Low-Heat, ‘Bottom-Up’ Approach Can Produce Metal, Polymer or Bio-Molecule Structures for Catalysis, Biosensors, Electronic Devices and More
This surface plasmon mediated chemical solution deposition method uses surface plasmon resonance to deposit nanoparticles in the liquid phase at room temperature to direct and control nanostructure growth. Plasmonic materials are highly efficient at absorbing and scattering light. Plasmonic nanomaterials are capable of converting low power light into heat due to these optical properties called surface plasmon resonance. Chemical vapor depositions, traditionally used with metal nanoparticles, are limited by the thermal stability of the production process. Researchers at the University of Florida have developed a method for producing nanostructures using surface plasmon mediated chemical solution deposition that directs and controls nanostructure growth at room temperature, which broadens the types of precursors available for use. This “bottom-up” process, creating structures from molecular or atomic components, is capable of producing structures of metal, polymer, or bio-molecule nanoparticles. The method can be used in catalysis, chemical, and biological sensing, and nanofabrication for the next generation of electronic devices.
Surface plasmon mediated chemical solution deposition method room temperature fabrication of nanostructures
- Produces nanostructures at mild conditions, increasing variety of precursors that can be used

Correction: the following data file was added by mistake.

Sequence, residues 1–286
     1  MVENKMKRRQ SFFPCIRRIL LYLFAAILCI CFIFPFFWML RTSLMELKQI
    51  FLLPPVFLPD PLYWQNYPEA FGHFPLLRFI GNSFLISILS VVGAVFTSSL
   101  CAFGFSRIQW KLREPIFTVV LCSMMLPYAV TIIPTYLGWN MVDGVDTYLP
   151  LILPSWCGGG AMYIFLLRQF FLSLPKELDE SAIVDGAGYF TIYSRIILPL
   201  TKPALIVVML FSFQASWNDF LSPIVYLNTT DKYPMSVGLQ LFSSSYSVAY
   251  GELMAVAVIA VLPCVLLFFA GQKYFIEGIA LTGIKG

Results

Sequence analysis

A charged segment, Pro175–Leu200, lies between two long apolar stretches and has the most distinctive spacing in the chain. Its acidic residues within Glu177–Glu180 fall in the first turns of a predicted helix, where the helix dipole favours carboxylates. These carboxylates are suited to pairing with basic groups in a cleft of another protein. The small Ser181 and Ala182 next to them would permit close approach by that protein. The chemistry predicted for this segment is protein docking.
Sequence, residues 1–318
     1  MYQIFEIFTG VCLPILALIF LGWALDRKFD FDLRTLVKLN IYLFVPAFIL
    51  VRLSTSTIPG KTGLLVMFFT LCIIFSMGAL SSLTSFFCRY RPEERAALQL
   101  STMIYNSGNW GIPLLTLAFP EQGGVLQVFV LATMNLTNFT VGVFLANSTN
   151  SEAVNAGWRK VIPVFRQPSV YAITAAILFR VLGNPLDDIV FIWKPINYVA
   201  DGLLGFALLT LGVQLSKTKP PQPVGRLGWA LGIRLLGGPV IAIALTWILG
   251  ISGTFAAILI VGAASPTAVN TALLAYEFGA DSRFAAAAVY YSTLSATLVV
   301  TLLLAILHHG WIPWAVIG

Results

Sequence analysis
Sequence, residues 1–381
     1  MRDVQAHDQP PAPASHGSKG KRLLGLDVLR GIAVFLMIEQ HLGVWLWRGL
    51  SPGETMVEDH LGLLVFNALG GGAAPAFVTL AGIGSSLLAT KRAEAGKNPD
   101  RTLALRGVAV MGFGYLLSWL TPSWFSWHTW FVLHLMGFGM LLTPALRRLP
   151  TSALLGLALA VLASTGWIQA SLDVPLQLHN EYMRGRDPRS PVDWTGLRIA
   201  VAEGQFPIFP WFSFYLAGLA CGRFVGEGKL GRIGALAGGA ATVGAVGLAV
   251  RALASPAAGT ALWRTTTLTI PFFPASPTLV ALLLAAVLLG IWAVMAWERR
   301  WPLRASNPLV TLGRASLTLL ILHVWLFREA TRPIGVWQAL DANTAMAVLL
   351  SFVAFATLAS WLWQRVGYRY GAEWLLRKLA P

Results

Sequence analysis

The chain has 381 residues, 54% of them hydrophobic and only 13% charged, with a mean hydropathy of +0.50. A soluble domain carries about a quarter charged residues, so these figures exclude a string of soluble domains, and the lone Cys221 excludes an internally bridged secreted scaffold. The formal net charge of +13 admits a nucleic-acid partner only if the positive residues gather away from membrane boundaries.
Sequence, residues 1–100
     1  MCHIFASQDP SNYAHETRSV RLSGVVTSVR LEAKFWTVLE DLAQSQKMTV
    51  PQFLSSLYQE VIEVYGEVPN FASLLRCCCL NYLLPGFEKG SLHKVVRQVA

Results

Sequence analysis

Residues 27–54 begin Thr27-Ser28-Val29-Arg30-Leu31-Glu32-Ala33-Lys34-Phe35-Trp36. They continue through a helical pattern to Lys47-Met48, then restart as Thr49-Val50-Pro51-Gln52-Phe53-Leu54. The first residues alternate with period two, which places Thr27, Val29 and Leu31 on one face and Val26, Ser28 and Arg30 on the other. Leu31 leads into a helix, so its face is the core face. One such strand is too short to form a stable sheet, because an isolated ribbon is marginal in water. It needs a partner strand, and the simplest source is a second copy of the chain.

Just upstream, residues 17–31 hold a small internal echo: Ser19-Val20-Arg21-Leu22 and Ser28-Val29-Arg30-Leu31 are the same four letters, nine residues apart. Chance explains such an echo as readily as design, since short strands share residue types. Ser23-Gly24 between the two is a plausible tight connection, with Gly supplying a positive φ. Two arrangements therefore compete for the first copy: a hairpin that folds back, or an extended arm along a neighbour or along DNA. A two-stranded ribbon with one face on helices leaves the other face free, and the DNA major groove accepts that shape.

- Completed quickly, irradiating is completed in about 2 to 5 minutes
- Is done in solution, requiring no vapor pressure for production
- Employs a “bottom-up” approach, allowing the construction of nanomaterials from molecular or atomic components
The surface plasmon mediated chemical solution deposition operates using a plasmonic substrate and introducing a precursor material. The plasmonic substrate converts low power light energy into photothermal energy that generates local heating on its surface creating nanoparticles made of the precursor material. This surface plasmon mediated chemical solution deposition method operates through a “bottom-up” approach rather than the “top-down” approach common in available technologies. These nanoparticles can cover up to 100 percent of the substrate and vary in size from 1 to 100 nanometers depending on the material. The nanoparticles then form a nanoparticle film on the substrate surface. This process can create patterns because only precursor material exposed to light will remain on the substrate.